When it comes to Azure App Service, I haven’t followed what was going on to be 100% honest. Based on the first details released in March, it sounded like a cloud-based version of Visual Studio LightSwitch. Able to manage different types of Azure abstractions by click-building and publishing applications into Azure. However, this isn’t the case.
NOTE: I have only played around with the Azure App Service and this for just only a couple of hours. I’m still new to the offering and trying to see where it fits within the Azure eco-space.
Azure App Services
Probably the most important thing to notice is that Azure App Service will allow you to host different types of related offerings within a single hosting container. For example, you are able to combine an Azure Web Application and a Mobile Services Application and therefore able to save some costs.
Previously build Web Applications now support a Web App hosting plan which should take care of the billing and grouping logic, however, have to say that this is somewhat unclear. You will have to start with a Web Application, and afterward, you will able to add a Mobile Services App into the same Web Application Hosting plan. Besides, how this affects scaling out options isn’t clear either. PS. When opening the auto scale Blade, I run into the following error.
Unable to locate blade 'Autoscale' in extension definition. Search path:'WebsitesExtension-Autoscale'.
To my understanding, it’s also possible to host several API Apps within the same hosting container/plan. This is needed because Azure Logical Apps will only shine when it’s possible to communicate with numerous Azure API Apps. Requiring a separate container for every API App would end up very costly, or companies are consolidating many API’s within one mega API service. Not something I’m looking forward to build, deploy and monitor. At this point, you might have been wondering; what are API and Logical Apps? Well, keep on reading!
New Azure Services
As briefly mentioned above, Azure App Service also introduces two new Services called API App and Logic APP. I will cover some of the details within the sections below.
Azure API App
The API App is, as the name is stating, an application exposing a custom build API. However, it contains a bit of additional metadata allowing other services to consume them readily. By default Azure Logic Apps understand this format, and by using Visual Studio (having the latest Azure SDK installed), it’s possible to generate clients as well instead of using
An API App can be written in any of the Azure supported languages, and the platform is taking responsibility for some of the ugly plumbing, including versioning, authentication (including OAuth), and access restrictions. Azure App Services currently supports the following access levels:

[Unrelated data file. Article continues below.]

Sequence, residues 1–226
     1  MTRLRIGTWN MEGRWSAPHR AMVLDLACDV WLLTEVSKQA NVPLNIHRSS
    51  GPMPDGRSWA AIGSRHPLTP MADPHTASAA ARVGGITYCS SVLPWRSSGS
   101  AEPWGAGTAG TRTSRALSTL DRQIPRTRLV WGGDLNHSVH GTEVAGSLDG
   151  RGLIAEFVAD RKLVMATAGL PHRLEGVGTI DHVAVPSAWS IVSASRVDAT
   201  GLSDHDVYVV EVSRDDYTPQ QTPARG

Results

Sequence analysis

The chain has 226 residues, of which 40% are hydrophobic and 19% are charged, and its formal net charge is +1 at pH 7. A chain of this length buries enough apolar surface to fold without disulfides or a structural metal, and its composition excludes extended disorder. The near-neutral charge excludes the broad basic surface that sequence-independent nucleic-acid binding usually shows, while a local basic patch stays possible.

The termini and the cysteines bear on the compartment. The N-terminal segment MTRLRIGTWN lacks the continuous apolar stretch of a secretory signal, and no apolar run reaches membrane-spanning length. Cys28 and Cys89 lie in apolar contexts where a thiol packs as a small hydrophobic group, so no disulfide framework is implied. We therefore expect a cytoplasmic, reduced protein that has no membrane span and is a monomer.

- Available to Anyone
- Public Authenticated Access (Azure AD etc.)
- Available only to other API’s in the Resource Group
Existing Web API Apps can be easily “upgraded” given that only a metadata file called apiapp.json, written within the Swagger specs, needs to be provided. More information about Swagger can be found right here http://swagger.io/
Azure Logic App
The Logic APP can be used to orchestrate (log running) business processes and introduces a new section within the administration portal for Workflow orchestration. By default Azure includes helpful building blocks allowing connectivity with or over BizTalk, Salesforce, DropBox, Office 365 FTP, HTTP SQL Server, and of course Azure API Apps. In addition, 3 th party vendors will be able to publish new “Logic” within the Marketplace or you could use your own logic by consuming a custom API App as covered above.
To be honest I’m a bit skeptical when I see HTTP and SQL Server building blocks because we all know that those will be abused by the lazy people among us. Yes, those who like building Rube Goldberg routines and leave the company/division… I would recommend staying away from “do it all” type of connectors / Logic building blocks. The only cases I can imagine them being useful is when dealing with legacy application. It might not be worthy or even possible to alter an existing app and therefore using a SQL server block to gather data and follow-up logic might be helpful.
A Logic App can make use of a reoccurring logic block or started manually. What’s great is that you will be able to see the execution details for every run within the portal, somewhat similar as with Azure Automation. This also includes all “Logic”/building block steps as well as the input and output data used in each step.
What’s also good to know is that in case of a technical failure, the process will be able to resume from the last saved step including all data gathered along the way. Now if you are dealing with services that maintain state, you might want to make sure to have some error logic in place.
I personally believe that Azure Logic App will allow us (Developers and DevOps teams) to get rid of the non-interesting plumbing if implemented correctly. The Azure API App should be designed as a self-contained microservice, ignoring the generic Logic building blocks with the exception of legacy applications.
Apart from business logic, it also possible to orchestrate interesting processes responsible to very specific application monitoring purposes. This would have been rather expensive when using separate offerings for exposing management APIs, Dashboards, Long running processes, and the like.
Azure App Service announcement